Members of St. Mark United Methodist Church have teamed with Good Shepherd Hospice on a free program to increase the black community’s awareness of what hospice offers patients and their families.
The 9 a.m. to noon event Saturday will give an overview of hospice; explain advance directives; give advice on coping with loss and grief; stress the importance of “care for the caregiver”; discuss life, death and spirituality; and provide time for questions.
Along with that will come dealing with myths about what hospice involves.
Some incorrectly see hospice care as conflicting with their natural desire to pray for healing, said the Rev. Delano McIntosh, part-time pastor of the small church at 1640 Martin Luther King Jr. Ave.
“They think if you agree to go to hospice, there is no hope,” McIntosh said. “That you’re saying there’s no way for God to bring you out of this situation.”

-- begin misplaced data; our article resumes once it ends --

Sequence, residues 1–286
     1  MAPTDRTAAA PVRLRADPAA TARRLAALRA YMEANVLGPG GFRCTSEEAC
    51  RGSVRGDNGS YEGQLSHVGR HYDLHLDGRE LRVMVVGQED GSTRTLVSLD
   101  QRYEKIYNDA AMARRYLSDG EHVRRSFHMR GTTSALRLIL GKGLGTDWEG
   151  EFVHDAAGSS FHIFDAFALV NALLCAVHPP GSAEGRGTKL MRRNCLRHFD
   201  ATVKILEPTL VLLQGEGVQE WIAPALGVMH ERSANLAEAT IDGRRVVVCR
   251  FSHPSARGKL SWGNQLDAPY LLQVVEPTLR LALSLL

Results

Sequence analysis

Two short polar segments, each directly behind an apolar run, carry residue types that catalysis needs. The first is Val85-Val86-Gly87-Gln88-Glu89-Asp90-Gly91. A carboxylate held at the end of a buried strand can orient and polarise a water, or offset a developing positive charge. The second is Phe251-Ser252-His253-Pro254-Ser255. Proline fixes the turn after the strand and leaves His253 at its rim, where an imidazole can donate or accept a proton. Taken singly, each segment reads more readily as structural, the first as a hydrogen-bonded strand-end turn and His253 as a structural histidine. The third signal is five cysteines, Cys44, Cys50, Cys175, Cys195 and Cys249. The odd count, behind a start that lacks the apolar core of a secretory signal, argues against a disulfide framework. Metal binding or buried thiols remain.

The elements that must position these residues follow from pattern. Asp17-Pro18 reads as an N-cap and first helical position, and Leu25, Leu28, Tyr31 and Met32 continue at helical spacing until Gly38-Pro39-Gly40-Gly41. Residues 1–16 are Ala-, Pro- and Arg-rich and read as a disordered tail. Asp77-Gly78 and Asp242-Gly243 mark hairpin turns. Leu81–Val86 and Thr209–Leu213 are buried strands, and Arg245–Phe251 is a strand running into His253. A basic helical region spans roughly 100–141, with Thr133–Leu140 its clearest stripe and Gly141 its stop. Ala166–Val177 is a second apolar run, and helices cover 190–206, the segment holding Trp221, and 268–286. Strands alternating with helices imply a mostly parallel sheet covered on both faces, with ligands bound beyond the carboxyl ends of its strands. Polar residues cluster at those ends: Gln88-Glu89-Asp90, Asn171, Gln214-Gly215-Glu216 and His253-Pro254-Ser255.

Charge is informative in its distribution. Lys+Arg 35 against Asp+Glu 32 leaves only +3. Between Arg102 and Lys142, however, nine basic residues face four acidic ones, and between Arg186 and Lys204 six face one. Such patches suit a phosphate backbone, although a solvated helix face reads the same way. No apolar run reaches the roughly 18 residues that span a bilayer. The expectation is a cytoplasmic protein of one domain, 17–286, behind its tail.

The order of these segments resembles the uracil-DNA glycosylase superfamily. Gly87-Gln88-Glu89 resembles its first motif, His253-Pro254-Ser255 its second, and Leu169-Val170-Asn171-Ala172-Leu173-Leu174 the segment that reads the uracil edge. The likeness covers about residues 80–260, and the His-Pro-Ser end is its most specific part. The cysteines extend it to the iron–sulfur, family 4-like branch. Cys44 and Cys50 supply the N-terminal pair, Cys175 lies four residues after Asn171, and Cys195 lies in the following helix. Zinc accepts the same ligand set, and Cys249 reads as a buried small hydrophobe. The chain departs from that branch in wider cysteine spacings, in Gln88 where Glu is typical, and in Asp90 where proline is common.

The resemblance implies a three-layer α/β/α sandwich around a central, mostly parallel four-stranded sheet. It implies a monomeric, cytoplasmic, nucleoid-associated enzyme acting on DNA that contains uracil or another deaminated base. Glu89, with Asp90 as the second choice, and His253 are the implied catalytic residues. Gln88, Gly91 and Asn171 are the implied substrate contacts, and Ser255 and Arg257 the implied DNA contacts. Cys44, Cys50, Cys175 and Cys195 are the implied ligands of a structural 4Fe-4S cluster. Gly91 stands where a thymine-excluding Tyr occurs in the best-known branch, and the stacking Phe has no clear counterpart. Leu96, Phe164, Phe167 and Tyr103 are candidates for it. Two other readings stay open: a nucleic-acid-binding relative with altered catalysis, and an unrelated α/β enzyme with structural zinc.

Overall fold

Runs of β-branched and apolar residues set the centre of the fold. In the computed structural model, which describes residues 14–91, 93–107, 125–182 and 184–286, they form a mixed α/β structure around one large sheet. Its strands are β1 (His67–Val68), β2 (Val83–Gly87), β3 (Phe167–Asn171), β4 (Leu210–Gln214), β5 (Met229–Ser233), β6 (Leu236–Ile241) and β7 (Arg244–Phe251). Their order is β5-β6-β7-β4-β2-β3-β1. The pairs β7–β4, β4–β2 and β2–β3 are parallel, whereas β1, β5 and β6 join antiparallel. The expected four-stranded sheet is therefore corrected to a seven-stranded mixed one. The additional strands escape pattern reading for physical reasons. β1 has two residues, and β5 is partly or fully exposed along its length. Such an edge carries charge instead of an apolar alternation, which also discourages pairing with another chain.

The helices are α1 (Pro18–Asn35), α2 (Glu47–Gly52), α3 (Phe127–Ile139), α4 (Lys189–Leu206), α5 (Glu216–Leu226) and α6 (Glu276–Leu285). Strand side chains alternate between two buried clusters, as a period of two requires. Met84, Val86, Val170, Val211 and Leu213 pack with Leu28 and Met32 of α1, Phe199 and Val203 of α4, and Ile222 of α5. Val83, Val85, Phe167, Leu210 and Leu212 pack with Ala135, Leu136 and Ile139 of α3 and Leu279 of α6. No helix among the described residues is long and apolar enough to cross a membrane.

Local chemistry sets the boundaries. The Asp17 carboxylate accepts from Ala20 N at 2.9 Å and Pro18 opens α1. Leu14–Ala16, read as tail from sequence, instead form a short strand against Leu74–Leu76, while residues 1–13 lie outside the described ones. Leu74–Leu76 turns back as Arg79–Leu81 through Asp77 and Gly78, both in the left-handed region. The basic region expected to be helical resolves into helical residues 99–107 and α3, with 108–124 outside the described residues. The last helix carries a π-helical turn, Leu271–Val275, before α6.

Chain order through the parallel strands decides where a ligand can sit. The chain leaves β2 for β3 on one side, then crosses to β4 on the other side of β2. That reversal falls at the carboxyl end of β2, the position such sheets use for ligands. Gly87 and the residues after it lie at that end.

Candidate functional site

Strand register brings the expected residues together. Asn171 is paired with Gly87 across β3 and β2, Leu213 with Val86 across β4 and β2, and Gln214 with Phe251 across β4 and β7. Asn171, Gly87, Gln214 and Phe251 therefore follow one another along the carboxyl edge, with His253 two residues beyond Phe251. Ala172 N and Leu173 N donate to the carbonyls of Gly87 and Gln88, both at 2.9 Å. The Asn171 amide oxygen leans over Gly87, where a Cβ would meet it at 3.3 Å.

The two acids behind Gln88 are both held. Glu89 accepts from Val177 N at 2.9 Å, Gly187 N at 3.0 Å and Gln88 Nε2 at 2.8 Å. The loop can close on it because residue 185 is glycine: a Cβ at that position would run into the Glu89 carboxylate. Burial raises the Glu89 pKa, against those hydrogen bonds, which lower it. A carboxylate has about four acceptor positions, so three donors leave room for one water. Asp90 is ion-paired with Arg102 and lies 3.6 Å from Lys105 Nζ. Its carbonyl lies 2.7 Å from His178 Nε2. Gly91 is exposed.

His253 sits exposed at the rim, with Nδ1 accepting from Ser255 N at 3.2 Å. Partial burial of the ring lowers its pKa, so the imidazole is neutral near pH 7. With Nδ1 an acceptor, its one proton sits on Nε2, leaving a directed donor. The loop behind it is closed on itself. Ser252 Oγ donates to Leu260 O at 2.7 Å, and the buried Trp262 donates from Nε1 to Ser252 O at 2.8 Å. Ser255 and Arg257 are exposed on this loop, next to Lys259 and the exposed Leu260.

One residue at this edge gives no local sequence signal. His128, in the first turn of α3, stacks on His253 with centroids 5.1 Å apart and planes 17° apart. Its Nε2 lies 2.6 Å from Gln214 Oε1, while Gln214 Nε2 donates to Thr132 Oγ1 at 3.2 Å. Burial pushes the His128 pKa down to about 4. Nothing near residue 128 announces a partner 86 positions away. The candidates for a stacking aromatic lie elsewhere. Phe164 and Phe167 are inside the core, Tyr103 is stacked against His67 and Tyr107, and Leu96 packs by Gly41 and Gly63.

That isn’t true, she said.
“God goes with us into hospice care,” she said.
“We know from Scripture nothing separates us from the love of God.”
Yvonne McShay, a St. Mark member, suggested the church sponsor the seminar, which is called “Navigating Life’s Final Journey: Improving the Role of Hospice Care in the African-American Community.”
Part of her motivation was concern about the low percentage of hospice patients who are black. The National Hospice and Palliative Care Organization estimates blacks make up 8.6 percent of all hospice patients.
Source: The Ledger | Robin Williams Adams